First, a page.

posted Thursday October 21st, 2010

I love the new Sesame Street song! In case you haven’t caught it, I’ve posted it here. It gave me a reason to crank up the way-back machine and dig up a piece I wrote when Sophie and Annabelle were much younger. Today, their hair isn’t all that different. (Isn’t that interesting?! Actually not so much — most curly-headed 2-year-olds don’t stay that way I know now), But when Annabelle was a toddler, she had an amazing head of curls. Sophie did not — and will not. That inspired this piece:

When Annabelle was a few months old, her straight brown hair fell out and she was bald. Ray and I watched her head for signs of curls, because in our house, hair is a big deal. Specifically, curly hair.

Both Ray and I had transformations when we learned to let our curly hair be curly. For me, that happened my junior year in college, when I spent a semester in London and got a spiral perm – going to the other extreme from my previous hairdo, which required hours with the blow dryer, round brush and curling iron.

OK, so with the perm I looked like Dee Snyder from Twisted Sister, but that was stylish in the late 80s, and finally, I felt good about myself. I dated cute boys all summer.

Ray won’t tell me exactly when his mother stopped blow drying his hair. I asked once and he got a funny look on his face and said, “You’re going to write about this, aren’t you? No way am I telling you anything.”

No matter. When I met Ray, he had dark curly hair and everyone told us how cute it was that someday we’d have a little baby with curly hair.

We did. By the time I was pregnant with Sophie, Annabelle had a full head of perfect blonde ringlets. Old ladies in Target would stop me to ask if I used a curling iron on my 2-year-old’s hair. No, just a bottle of No-More-Tangles at a time. When Annabelle’s hair is wet, it stretches almost to her butt. She loves to shake her curls. She knows they make her special.

And so when Sophie was born, I only had one question for the geneticist: Do people with Down syndrome ever have curly hair?

Even now, I can’t believe the words came out of my mouth. From the look on his face, neither could the doctor, a sweet older man with a booming practice and a packed schedule. It took months to get in to see him, and in that time, my husband Ray had become one of the world’s leading authorities on Down syndrome. Before the doctor joined us in the exam room, we met with a genetics counselor who gave us some history. “Down syndrome was first identified by a man named J. Langdon Down in the 17th or 18th century,” she started in a well-rehearsed spiel.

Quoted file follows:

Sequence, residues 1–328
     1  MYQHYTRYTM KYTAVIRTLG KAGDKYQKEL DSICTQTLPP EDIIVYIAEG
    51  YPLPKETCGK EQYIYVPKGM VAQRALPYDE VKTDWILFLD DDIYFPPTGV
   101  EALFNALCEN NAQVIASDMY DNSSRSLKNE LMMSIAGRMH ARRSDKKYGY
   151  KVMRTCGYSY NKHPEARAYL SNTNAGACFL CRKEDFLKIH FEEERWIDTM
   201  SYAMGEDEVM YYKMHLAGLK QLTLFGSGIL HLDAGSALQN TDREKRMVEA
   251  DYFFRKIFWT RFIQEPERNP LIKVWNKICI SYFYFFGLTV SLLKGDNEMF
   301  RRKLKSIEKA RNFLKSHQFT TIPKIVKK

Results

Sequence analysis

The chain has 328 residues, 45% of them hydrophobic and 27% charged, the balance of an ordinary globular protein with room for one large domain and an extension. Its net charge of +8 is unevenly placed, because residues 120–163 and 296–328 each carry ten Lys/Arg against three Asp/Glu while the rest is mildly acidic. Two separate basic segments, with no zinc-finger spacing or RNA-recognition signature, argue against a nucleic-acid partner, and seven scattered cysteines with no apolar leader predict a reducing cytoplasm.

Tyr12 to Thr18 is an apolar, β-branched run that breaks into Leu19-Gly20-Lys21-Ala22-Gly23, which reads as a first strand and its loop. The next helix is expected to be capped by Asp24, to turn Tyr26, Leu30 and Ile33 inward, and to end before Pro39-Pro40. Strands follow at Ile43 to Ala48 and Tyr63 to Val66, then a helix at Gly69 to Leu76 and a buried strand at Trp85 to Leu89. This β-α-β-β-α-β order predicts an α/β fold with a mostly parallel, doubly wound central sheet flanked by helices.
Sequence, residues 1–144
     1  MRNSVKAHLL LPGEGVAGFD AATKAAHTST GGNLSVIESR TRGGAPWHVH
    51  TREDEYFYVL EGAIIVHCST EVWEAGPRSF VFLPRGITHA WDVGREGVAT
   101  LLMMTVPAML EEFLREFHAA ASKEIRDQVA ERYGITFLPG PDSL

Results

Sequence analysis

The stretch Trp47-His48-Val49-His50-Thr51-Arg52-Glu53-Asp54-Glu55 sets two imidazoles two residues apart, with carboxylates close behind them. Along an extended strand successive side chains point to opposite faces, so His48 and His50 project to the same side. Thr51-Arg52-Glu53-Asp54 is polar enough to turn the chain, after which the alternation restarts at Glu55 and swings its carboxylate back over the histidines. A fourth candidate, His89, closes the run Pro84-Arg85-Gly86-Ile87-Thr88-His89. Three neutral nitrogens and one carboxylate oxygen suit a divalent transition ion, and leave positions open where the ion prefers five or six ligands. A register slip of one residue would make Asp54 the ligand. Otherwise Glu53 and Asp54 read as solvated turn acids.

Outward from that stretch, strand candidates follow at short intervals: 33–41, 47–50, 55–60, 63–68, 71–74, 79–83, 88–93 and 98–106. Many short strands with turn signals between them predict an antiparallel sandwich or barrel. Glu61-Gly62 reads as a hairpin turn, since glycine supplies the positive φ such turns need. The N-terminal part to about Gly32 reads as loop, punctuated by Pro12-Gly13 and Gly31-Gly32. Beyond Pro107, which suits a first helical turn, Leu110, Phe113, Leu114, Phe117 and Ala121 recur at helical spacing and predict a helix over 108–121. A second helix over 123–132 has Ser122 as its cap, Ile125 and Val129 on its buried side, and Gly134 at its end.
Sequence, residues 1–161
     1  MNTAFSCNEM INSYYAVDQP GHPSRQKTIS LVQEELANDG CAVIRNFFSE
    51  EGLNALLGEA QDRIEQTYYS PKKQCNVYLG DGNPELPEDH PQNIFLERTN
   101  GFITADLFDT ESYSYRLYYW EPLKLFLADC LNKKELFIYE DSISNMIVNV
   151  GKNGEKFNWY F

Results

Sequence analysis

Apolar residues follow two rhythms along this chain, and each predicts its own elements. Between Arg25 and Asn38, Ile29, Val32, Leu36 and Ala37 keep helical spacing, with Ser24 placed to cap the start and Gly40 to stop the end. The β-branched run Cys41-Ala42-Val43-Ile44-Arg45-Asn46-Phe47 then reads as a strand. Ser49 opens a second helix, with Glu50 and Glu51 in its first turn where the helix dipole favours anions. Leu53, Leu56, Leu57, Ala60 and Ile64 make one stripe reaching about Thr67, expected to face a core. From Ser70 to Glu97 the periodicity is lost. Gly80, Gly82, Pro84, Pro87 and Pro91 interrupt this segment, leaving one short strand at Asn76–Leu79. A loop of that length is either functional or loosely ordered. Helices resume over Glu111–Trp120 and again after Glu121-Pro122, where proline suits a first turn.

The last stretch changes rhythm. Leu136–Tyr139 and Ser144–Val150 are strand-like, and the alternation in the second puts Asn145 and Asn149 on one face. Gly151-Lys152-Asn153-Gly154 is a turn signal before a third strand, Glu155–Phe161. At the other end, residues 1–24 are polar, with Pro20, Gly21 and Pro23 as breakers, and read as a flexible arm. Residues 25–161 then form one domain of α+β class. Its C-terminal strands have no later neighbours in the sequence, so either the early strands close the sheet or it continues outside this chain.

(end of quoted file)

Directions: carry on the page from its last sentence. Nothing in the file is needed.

“Actually,” Ray said gently, “It was 1866.” After that, Ray did the talking and the genetics counselor took notes.

Since Sophie was born a year, I’ve taken a much different approach, which is weird, since Ray and I are both journalists, both in the habit of soaking everyone and everything for information on any given topic.

But this time, I don’t want to know. When I was little – and even now, sometimes – when I’d hear a noise at night, I would pull the covers over my head, confident that if I couldn’t see it, it couldn’t hurt me. It’s not smart, but it’s instinct — yes, there’s a difference — and I feel myself doing it now.

When I had the chance to take the amnio, I didn’t. I didn’t want to know. And now that Sophie’s here, I don’t want to know. I don’t want to know what’s lurking behind the corner, in the dark. I can only live with my baby in the present, and love her as much as I can and get her what she needs today. She’s needed a lot, so far – a feeding tube, open heart surgery, therapy three times a week. Eccocardiograms, medication. For months, we couldn’t lift her under her arms. (Think about how you always lift an infant.)

And now, one of those bands to fix her flat head.

With each challenge, I take a deep breath and focus on the immediate. I don’t think about — can’t think about — next month or next year or kindergarten or when she’s 18. I tell myself I can handle anything that comes along, and so far I have. If Sophie’s not like the rest of us, if she’s not like Ray and Annabelle and me, that’s okay. I just don’t want to know about it in advance.

Except for Sophie’s hair. I want to know about her hair.

The day before Sophie was born, I had an ultrasound. The technician never saw the hole in her heart, but she pointed out my baby’s hair, floating in the amniotic fluid. It was beautiful, and so is Sophie. She has a full head of straight hair. When the babysitters play with it after a bath, they can work a cowlick in. One of the residents in the pediatric intensive care unit said she looks a lot like Conan O’Brien. It’s true.